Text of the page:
Global Faculty Fellow will create connections between Penn State and Colombia

November 06, 2019

UNIVERSITY PARK, Pa. — Siela Maximova, research professor of plant biotechnology, has been named a Global Faculty Fellow in Penn State's College of Agricultural Sciences and a Land Grant University U.S.-Colombia Fulbright Scholar.

Siela Maximova

Siela Maximova, professor of horticulture in the College of Agricultural Sciences at Penn State.

IMAGE: Penn State

“As a Global Faculty Fellow, my focus will be to create institutional linkages between Penn State and institutions in Colombia,” Maximova said. “We will continue our work with the cacao sector but also expand our activities and promote Penn State’s initiative in water, energy and food. This approach to agriculture and development is pivotal to sustainability and building of healthy communities, and in the case of Colombia, it will contribute to the peace process.”

Maximova, who earned bachelor's and master's degrees in agricultural engineering and horticulture from the Agricultural University, Plovdiv, Bulgaria; and a doctoral degree in plant physiology from Penn State, studies methods to improve Theobroma cacao L., the chocolate tree.

Her main research is focused on generating new knowledge and technologies for improvement of the cacao crop and product quality. Along with Mark Guiltinan, J. Franklin Styer Professor of Horticultural Botany, Maximova co-directs the Endowed Program for the Molecular Biology of Cacao at Penn State, established by the American Cocoa Research Institute in 1986. For more than 20 years as a team, Guiltinan and Maximova have spearheaded numerous international projects with global impact on agriculture.

For the last four years, Maximova has led Penn State's participation in the Cacao for Peace project in Colombia and the Center for Innovation of Cacao in Peru, with the goal to increase productivity and quality of cacao that will contribute to political stabilization, job creation and rural economic development in both countries. Cacao for Peace is funded by the U.S. Agency for International Development and the U.S. Department of Agriculture’s Foreign Agricultural Service.

Under this project, multidisciplinary, student-faculty teams conduct research in plant genetics, soils, and food and social sciences and train farmers and Peace Corps volunteers in Colombia. Penn State also has hosted young professionals as Cochran and Borlaug Fellows.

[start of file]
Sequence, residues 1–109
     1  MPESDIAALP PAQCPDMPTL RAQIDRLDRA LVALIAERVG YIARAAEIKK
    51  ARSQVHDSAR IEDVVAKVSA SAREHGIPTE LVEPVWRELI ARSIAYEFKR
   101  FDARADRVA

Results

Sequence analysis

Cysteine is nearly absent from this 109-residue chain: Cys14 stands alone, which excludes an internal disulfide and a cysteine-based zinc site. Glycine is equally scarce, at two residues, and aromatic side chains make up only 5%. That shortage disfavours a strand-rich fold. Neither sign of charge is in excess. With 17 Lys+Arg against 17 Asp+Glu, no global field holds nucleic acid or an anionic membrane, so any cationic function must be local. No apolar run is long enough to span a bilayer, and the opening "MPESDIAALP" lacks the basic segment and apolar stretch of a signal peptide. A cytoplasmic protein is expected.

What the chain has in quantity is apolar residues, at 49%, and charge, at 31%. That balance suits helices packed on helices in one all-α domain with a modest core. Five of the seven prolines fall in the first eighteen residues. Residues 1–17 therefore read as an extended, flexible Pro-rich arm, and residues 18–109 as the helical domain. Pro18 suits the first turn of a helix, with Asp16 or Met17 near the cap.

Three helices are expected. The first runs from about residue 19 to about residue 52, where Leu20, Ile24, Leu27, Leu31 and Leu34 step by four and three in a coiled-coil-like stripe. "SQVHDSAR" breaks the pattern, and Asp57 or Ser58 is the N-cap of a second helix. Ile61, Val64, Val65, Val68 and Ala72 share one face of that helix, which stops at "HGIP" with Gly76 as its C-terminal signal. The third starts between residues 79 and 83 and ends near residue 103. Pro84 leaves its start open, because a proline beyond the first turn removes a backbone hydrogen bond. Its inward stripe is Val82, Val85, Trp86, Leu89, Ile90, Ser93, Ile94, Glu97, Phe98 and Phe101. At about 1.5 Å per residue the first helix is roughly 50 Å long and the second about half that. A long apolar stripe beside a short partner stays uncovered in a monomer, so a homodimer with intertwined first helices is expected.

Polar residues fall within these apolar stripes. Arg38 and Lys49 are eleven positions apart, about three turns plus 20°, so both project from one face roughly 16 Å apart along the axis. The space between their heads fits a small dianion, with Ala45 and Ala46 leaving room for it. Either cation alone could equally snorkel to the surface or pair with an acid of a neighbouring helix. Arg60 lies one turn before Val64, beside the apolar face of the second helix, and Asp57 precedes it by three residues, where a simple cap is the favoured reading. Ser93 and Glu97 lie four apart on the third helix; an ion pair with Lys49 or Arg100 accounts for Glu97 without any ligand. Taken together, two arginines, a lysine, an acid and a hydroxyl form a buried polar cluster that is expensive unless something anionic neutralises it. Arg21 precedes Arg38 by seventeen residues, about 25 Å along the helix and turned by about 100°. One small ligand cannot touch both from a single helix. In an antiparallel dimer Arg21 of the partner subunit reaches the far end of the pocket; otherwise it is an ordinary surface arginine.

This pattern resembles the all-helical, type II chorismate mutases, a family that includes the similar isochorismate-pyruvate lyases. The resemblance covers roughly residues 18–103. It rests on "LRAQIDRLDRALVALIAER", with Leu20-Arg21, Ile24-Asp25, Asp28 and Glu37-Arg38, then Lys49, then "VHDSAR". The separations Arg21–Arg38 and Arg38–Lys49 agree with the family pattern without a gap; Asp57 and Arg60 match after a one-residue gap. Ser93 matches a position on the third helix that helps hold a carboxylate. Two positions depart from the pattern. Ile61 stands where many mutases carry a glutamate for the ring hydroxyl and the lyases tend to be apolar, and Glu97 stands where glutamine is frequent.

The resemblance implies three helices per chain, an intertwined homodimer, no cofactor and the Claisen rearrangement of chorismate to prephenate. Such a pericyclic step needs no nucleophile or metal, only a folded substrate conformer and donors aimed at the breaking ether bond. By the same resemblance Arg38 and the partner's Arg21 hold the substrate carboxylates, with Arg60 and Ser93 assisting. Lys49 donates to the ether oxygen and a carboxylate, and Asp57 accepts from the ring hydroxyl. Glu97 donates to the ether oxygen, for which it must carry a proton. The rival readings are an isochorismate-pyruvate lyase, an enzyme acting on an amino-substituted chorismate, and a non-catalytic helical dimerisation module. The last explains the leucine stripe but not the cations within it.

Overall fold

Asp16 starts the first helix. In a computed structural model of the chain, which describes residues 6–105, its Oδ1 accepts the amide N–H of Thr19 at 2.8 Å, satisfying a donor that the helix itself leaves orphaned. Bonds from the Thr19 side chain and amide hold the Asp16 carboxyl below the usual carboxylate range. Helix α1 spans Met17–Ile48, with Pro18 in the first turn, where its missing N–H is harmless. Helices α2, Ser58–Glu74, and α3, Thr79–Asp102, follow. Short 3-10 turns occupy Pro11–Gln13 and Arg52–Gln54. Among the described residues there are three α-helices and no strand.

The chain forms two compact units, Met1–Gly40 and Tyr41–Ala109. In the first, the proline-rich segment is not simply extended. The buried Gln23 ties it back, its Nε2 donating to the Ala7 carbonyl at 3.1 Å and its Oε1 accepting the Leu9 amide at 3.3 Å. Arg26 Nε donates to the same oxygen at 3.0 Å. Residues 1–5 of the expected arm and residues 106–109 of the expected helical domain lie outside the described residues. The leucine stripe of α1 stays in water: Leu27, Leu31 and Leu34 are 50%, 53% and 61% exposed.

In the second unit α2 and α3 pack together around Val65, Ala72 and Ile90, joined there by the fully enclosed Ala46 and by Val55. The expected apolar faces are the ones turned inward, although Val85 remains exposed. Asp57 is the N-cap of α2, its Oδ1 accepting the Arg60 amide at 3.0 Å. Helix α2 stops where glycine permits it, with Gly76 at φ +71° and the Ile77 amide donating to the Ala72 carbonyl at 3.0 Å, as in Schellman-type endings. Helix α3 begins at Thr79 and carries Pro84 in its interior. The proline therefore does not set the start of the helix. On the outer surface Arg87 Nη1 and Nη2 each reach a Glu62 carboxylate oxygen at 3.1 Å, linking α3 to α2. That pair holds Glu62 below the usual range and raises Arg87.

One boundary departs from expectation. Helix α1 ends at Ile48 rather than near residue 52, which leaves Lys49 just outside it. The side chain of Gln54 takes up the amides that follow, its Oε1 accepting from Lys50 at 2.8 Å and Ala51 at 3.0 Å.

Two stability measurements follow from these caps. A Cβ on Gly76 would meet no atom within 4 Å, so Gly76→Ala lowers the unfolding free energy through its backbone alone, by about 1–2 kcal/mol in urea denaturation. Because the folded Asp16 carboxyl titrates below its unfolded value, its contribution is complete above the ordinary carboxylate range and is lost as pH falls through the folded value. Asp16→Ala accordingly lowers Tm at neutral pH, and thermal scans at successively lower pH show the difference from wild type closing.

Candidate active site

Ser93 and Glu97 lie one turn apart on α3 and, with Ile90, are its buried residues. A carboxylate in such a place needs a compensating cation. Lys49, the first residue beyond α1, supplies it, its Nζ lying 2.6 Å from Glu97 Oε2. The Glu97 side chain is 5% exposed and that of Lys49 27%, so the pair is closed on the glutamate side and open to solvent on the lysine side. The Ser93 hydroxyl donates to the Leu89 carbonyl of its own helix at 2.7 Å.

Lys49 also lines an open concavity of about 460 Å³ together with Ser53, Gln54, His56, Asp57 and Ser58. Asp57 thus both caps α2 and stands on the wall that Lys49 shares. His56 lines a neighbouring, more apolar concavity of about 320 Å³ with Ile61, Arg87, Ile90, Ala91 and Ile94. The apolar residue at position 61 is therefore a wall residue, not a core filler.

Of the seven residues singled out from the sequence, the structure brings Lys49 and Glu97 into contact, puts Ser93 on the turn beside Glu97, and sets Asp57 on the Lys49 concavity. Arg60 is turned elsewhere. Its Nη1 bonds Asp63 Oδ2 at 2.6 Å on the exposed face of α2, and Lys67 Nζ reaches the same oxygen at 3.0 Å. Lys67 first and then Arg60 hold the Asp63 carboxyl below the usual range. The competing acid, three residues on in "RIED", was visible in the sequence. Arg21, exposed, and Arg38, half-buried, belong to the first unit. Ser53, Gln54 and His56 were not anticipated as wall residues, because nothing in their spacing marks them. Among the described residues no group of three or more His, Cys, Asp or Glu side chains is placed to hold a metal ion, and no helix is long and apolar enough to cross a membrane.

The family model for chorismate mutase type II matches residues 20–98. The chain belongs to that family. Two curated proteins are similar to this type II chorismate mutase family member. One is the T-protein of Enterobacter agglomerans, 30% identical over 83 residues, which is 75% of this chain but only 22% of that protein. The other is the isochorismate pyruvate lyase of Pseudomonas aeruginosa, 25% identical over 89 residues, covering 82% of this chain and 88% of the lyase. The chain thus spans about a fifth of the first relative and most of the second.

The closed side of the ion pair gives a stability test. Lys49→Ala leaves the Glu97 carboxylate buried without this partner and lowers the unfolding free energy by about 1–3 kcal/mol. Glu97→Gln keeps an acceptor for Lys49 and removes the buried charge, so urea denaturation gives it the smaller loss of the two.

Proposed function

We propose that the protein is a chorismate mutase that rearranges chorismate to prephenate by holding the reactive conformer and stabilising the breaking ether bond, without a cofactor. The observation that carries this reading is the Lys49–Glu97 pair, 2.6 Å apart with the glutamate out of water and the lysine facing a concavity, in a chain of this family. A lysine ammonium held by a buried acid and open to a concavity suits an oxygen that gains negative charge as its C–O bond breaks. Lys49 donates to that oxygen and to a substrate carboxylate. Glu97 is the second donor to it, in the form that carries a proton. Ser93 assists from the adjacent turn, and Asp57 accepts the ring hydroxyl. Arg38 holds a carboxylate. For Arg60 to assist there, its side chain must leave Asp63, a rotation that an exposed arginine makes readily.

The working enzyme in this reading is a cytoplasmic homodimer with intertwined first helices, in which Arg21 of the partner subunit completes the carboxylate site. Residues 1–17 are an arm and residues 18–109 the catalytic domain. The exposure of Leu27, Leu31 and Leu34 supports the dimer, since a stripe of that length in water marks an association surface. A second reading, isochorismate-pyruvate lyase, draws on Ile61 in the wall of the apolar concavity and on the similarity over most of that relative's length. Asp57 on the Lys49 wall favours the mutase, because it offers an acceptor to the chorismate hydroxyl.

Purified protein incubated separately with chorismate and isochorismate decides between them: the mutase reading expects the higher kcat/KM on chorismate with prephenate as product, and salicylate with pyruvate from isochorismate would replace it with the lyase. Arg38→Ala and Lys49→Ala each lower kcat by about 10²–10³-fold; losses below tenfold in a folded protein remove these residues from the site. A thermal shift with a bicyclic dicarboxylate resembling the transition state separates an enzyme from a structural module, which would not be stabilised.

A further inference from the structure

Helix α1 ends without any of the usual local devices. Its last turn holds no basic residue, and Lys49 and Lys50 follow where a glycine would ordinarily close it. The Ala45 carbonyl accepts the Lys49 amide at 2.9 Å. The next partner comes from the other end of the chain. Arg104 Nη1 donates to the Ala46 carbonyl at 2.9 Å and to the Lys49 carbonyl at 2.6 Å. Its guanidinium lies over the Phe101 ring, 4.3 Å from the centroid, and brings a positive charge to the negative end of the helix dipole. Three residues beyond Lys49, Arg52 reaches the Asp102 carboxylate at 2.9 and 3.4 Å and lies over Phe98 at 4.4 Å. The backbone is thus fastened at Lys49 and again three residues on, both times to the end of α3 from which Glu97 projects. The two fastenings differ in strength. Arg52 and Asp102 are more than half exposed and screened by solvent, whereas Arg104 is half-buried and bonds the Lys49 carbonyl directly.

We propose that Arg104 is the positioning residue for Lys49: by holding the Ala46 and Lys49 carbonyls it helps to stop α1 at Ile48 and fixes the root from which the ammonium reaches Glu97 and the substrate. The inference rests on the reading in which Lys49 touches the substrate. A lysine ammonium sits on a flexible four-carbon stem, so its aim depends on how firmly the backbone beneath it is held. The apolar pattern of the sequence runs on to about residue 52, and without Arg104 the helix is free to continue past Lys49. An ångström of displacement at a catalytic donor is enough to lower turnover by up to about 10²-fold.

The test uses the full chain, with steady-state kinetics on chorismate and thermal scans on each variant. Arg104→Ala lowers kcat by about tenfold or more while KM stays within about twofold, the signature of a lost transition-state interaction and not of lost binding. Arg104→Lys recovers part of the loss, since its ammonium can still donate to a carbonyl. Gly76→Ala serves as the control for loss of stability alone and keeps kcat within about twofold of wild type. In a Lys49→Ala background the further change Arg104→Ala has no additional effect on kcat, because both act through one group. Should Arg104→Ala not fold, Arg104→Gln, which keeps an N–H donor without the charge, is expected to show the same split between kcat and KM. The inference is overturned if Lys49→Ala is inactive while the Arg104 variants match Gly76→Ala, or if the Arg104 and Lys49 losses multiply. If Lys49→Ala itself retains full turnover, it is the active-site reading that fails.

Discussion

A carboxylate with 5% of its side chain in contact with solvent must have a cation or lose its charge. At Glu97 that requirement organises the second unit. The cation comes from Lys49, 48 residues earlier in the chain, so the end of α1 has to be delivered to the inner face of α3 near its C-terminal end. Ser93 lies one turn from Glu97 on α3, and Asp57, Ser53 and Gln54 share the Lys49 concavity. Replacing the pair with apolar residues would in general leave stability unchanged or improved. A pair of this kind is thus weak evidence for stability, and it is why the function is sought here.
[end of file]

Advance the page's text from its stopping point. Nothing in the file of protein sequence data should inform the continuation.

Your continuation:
The Cacao for Peace approach of integrating research, educational and technical capabilities of U.S., Colombian and international institutions was featured as an example of innovation in international graduate education in October at the Conference of the Americas on International Education in Bogota, Colombia.

There, Maximova and Alejandro Gil, a Fulbright grantee and a Penn State doctoral student, participated in a panel discussion with representatives from the U.S. Agency for International Development and the U.S. Department of Agriculture’s Foreign Agricultural Service.

“Of great importance is training the next generation of scientists who will carry on this work and contribute to their countries and the global community,” Maximova said. “My students come away from these experiences with knowledge they could not obtain in the classroom. These projects expand their learning of socioeconomic, cultural and technical issues that will serve them moving forward.”

As a recent recipient of a William Fulbright Foreign Scholarship Award and current chair of the Land Grant University-Colombia consortium, Maximova’s goals are to strengthen the research and educational collaborations among Penn State, other U.S. universities and Colombian institutions.

In Colombia, she works closely with the offices of Cultural Affairs and Foreign Agricultural Service at the U.S. Embassy, the University of Bogotá Jorge Tadeo Lozano, the University of Antioquia in Medellin and the Colombian Agricultural Research Corporation (Agrosavia).

“We have challenging goals that will require coordinated efforts and the integration of engineering, natural and social sciences,” Maximova said. “Successful projects will help rural communities to adopt sustainable practices to produce energy, food and clean water and to preserve the environment and their cultures. I think this will also make them more resistant to violence.”

Deanna Behring, assistant dean and director of the College of Agricultural Sciences’ Office of International Programs, lauded Maximova for her commitment to elevating the quality of life for people not only in Colombia, but around the globe.

“We are excited to have Siela’s expertise and energy applied to our international research and outreach endeavor,” Behring said. “She has a formidable network of colleagues around the world stemming from her own research programs, and we are grateful she is willing to share those with the college and the University to build additional programmatic initiatives.” 

(Media Contacts)

Last Updated November 11, 2019